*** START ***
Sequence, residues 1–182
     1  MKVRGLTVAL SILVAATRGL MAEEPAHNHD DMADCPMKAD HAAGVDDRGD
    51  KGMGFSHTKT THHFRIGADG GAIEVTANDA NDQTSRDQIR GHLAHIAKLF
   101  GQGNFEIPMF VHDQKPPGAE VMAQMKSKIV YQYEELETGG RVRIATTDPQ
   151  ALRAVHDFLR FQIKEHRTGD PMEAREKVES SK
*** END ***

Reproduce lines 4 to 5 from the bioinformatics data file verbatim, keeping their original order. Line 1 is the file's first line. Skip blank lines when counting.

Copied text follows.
   101  GQGNFEIPMF VHDQKPPGAE VMAQMKSKIV YQYEELETGG RVRIATTDPQ
   151  ALRAVHDFLR FQIKEHRTGD PMEAREKVES SK